With these preliminaries out of the way, let's look at what Bhargava (and others) have proved. In 1770 Joseph-Louis Lagrange, one of the earliest number theorists, proved that every positive integer is the sum of at most four non-zero squares. Another way to say this is that the quaternary quadratic form f(x,y,z,w) = x

^{2}+ y

^{2}+ z

^{2}+ w

^{2}takes on every possible positive integer value for some value of the variables x, y, z, w. Or, using a term mentioned before, the form represents every positive integer. A quadratic form with this property is said to be universal.

Mathematicians are always looking for generalizations, so the next question one might ask is whether every quaternary quadratic form is universal. That's obviously not the case, since a form like 2x

^{2}+ 2y

^{2}+ 2z

^{2}+ 2w

^{2}can represent only even numbers. So the next, but much harder, question is whether there are relatively simple conditions that can identify forms that are universal. Indeed, are there any other forms that are universal, besides Lagrange's? In 1916, the extraordinary Indian mathematician Srinivasa Ramanujan found 53 more universal quaternary quadratic forms with integer coefficients.

Much later, in 1993, John H. Conway and William Schneeberger proved that there's a prety simple condition that guarantees a quadratic form is universal, provided it's also matrix-defined, as explained above. The condition is that in order to be universal and represent every positive integer, it's sufficient for the form to represent just the nine integers 1, 2, 3, 5, 6, 7, 10, 14, and 15. This theorem became known as the "15 theorem". (Conway is an extremely versatile and interesting mathematician himself. Among his other accomplishments are invention of the "Game of Life", the discovery of three "sporadic" finite simple groups, and the discovery (with Simon Kochen) of a "free-will" theorem related to the EPR paradox of quantum mechanics.)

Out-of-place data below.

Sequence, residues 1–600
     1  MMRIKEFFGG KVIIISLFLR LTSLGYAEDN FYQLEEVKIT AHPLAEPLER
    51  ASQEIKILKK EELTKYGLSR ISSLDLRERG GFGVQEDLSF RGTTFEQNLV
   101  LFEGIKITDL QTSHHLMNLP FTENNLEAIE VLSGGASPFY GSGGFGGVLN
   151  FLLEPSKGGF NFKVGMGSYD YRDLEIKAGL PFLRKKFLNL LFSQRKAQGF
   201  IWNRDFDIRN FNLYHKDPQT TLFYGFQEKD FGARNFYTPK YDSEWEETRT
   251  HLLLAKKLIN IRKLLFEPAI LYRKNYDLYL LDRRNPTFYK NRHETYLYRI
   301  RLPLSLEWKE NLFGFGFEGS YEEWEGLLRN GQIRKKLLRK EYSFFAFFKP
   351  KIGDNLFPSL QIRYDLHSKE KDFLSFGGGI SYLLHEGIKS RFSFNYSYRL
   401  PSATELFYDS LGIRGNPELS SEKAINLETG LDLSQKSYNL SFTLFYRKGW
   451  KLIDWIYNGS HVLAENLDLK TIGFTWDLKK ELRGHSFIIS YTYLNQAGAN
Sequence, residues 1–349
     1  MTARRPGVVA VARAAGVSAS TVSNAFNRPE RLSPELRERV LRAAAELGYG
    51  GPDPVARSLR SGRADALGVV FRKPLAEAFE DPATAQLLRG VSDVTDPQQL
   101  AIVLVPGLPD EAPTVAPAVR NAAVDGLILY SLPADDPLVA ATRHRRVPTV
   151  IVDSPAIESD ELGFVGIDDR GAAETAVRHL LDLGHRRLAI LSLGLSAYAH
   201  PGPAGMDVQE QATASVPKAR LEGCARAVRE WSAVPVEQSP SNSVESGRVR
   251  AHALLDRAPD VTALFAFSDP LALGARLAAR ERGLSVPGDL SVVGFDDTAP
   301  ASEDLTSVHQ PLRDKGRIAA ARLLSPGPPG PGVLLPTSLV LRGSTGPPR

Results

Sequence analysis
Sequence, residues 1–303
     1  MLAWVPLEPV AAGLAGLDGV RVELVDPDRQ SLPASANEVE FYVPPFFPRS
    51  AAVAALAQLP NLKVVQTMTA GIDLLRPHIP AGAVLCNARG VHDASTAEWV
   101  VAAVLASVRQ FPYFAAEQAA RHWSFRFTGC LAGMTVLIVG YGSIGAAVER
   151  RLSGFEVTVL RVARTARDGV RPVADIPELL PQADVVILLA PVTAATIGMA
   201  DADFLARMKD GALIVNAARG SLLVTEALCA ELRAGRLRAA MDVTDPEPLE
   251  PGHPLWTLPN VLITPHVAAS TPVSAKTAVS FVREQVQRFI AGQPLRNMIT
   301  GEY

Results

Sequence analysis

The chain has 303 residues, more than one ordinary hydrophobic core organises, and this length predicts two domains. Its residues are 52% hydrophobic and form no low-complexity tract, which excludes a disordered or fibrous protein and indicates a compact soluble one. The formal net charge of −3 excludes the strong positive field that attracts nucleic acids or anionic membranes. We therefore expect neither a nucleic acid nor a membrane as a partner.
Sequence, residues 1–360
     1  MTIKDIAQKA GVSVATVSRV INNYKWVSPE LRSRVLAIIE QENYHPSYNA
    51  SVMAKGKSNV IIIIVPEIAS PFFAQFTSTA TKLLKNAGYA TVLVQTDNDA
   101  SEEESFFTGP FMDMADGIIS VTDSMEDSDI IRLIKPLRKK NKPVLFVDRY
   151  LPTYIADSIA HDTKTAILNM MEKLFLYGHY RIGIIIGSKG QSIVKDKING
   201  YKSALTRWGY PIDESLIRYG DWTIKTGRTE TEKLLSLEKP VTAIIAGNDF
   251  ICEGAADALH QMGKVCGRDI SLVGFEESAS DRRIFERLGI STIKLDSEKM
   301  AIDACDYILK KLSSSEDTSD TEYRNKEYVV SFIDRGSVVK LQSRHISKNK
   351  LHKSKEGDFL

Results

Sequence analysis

Lagrange's form as well as all 53 discovered by Ramanujan are of the matrix-defined type. So Conway's 15 theorem quickly allows for a proof that all are universal. The next thing one might ask is whether there are only a finite number of universal matrix-defined forms, and if so, exactly how many there are. This is where Bhargava comes in. In the late 1990s, working with Conway as a graduate student at Princeton, Bhargava found a new, simpler proof of the 15 theorem (whose original proof was long and complicated). Using his new ideas, he then proved that there ara exactly 204 different universal matrix-defined quadratic forms. He also proved related results, such as that a matrix-defined form represents all odd numbers if it can represent just 1, 3, 5, 7, 11, 15, and 33. Similarly, a matrix-defined form can represent all prime numbers if it represents just the primes up to 73.

The next step is to try to relax the condition which requires the form to be matrix-defined in order for simple criteria to be applicable. One would like a criterion that can be used for any quadratic form which takes only integer values, even it's not matrix-defined. Just recently Bhargava, working with Jonathan P. Hanke of Duke University, has come up with an answer.

What they found is that there is a set of 29 integers less than or equal to 290 such that a quaternary integer-valued quadratic form is universal if it represents each of those 29 integers. (Conway and Schneeberger had earlier conjectured that testing all numbers from 1 to 290 would be sufficient.) Then, using a computer to check all the cases that could occur, Bhargava and Hanke found that there are exactly 6436 universal, integer-valued, quaternary quadratic forms.

Tags: mathematics, number theory, quadratic form

Labels: mathematics